A Guardian is a person appointed by the Court to make decisions concerning a person's physical needs. An incapacitated person is someone who is physically and/or mentally unable to care for himself/herself. In some cases the person has a chronic use of drugs or alcohol, is confined, or is being detained by a foreign power, or has disappeared. A guardian may be appointed when a person can no longer make decisions regarding their personal needs or in the case of a minor when both parents are deceased. In some cases a Guardian might become necessary because the person might have suffered a stroke or other illness and be unable to respond or make medical decisions alone. Once the petition for appointment of a Guardian is filed for an adult, a physician must examine the ward and render a report of his/her findings. In addition, the Court will appoint a Court Representative and a Guardian ad Litem. In the case of a minor the Court will only appoint a Guardian ad Litem.
Guardianship Frequently Asked Questions
WHAT IS A GUARDIAN?
A guardian is the parent of a minor or someone who has been appointed by the Probate Court to be responsible for the personal care of an individual. Generally speaking a guardian is responsible for food, clothing, medical, and shelter issues relating to a minor or incapacitated adult.
WHAT IS A WARD?
Legal name for a person for whom a guardian has been appointed.
Any qualified person may be appointed. However, the law establishes the following priorities:
- Person named in a durable power of attorney
- Spouse or spouse's nominee
- Adult child
- Parent or parent's nominee
- Relative with whom person has lived the prior 6 months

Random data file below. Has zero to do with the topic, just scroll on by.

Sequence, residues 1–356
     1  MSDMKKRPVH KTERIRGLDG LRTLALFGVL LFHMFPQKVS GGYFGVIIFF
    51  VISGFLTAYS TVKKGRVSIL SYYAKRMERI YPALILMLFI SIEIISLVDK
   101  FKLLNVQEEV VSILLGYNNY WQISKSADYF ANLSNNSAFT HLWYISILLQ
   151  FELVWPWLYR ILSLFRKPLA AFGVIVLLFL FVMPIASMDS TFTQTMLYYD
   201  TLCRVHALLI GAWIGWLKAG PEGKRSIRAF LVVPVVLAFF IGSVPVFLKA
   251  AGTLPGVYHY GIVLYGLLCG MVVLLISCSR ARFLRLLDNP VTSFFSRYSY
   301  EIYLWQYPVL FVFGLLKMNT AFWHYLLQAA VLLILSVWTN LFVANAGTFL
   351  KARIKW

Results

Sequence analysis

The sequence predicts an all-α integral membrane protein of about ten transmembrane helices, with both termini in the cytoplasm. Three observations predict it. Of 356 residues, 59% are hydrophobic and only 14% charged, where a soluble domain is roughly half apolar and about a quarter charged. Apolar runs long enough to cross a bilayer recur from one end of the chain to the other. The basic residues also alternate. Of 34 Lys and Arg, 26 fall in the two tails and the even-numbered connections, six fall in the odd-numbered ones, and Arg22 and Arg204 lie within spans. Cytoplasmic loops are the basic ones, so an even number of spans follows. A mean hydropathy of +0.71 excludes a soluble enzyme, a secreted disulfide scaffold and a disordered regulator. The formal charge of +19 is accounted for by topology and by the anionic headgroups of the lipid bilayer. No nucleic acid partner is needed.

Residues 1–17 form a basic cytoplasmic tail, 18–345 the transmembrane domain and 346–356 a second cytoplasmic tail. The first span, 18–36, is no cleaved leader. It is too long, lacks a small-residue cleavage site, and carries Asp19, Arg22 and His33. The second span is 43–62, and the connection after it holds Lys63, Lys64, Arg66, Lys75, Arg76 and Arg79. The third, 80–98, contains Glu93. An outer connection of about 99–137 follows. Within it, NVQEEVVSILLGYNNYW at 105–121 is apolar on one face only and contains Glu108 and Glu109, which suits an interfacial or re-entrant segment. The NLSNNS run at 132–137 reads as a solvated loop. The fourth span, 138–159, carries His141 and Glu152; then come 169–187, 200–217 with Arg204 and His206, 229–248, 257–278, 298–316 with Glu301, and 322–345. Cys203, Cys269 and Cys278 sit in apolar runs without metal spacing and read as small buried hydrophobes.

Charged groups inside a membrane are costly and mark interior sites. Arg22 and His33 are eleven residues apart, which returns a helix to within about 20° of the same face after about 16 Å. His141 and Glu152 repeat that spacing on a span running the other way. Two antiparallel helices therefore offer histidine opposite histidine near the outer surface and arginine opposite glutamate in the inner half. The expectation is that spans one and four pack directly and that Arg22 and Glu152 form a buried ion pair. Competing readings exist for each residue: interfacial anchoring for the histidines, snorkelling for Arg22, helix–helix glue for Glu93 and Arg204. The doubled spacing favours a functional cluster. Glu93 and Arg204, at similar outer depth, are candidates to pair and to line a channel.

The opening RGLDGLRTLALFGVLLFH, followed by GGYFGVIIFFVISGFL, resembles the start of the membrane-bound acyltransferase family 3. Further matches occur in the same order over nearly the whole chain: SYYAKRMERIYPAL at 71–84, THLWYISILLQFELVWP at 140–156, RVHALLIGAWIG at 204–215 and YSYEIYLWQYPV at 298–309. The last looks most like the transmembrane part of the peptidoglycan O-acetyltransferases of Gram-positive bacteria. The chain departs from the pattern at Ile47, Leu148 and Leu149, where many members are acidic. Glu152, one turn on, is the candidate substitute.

- Nominee of caretaker of person
WHO CAN BE GUARDIAN FOR A CHILD?
The Probate Court may appoint any person who will act in the best interest of the minor. However, if the minor is 14 years old or older, the minor's nominee must be appointed unless the appointment is contrary to the minor's best interest. Also, a parental nomination has priority.
CAN A PARENT APPOINT A GUARDIAN?
Yes, in a will a parent may appoint a guardian for a minor child or for an unmarried incapacitated child.
CAN A SPOUSE APPOINT A GUARDIAN?
Yes, in a will a person may appoint a guardian for his or her incapacitated spouse.
- Must assume responsibilities of a parent regarding support, care and education
- Must become personally acquainted with ward
- Must take reasonable care of ward's personal effects
- Must apply available money for current needs or health, support, education and maintenance
- Must conserve excess money
- Must report the condition of the ward to the Probate Court as Ordered
- May receive limited funds for support of ward
- May take custody of ward and establish a home
- May compel payment of support
- May consent to medical care
- May consent to marriage or adoption
- May delegate certain responsibilities to the ward for the decision making
- Upon death
- Upon resignation of the guardian
- Upon adoption of the minor
- Upon marriage of the minor
- Upon minor becoming an adult
- When ward's incapacity is terminated
AM I REQUIRED TO HAVE A LAWYER?
The legal complexity of guardianships and conservatorships normally necessitates having an attorney since the Judge of Probate cannot advise you of the law or provide you with forms.
WHAT IS THE DIFFERENCE BETWEEN A GUARDIAN AND A CONSERVATOR?
The guardian is a person who looks after the child or incapacitated person and their welfare while a conservator is responsible for safeguarding the assets of a child or incapacitated person.
- Petition filed
- Appointment of a guardian ad litem
- Examination by physician
- Appointment of Probate Court's representative
- Jury at hearing if demanded
- Order granting petition
- Letters of guardianship
IS A BOND REQUIRED?
IS AN INVENTORY REQUIRED?
ARE ACCOUNTINGS REQUIRED?
This information page, which is based on Alabama law, is to inform and not to advise. No person should ever apply or interpret any law without the aid of a lawyer who analyzes the facts, because the facts may change the application of the law.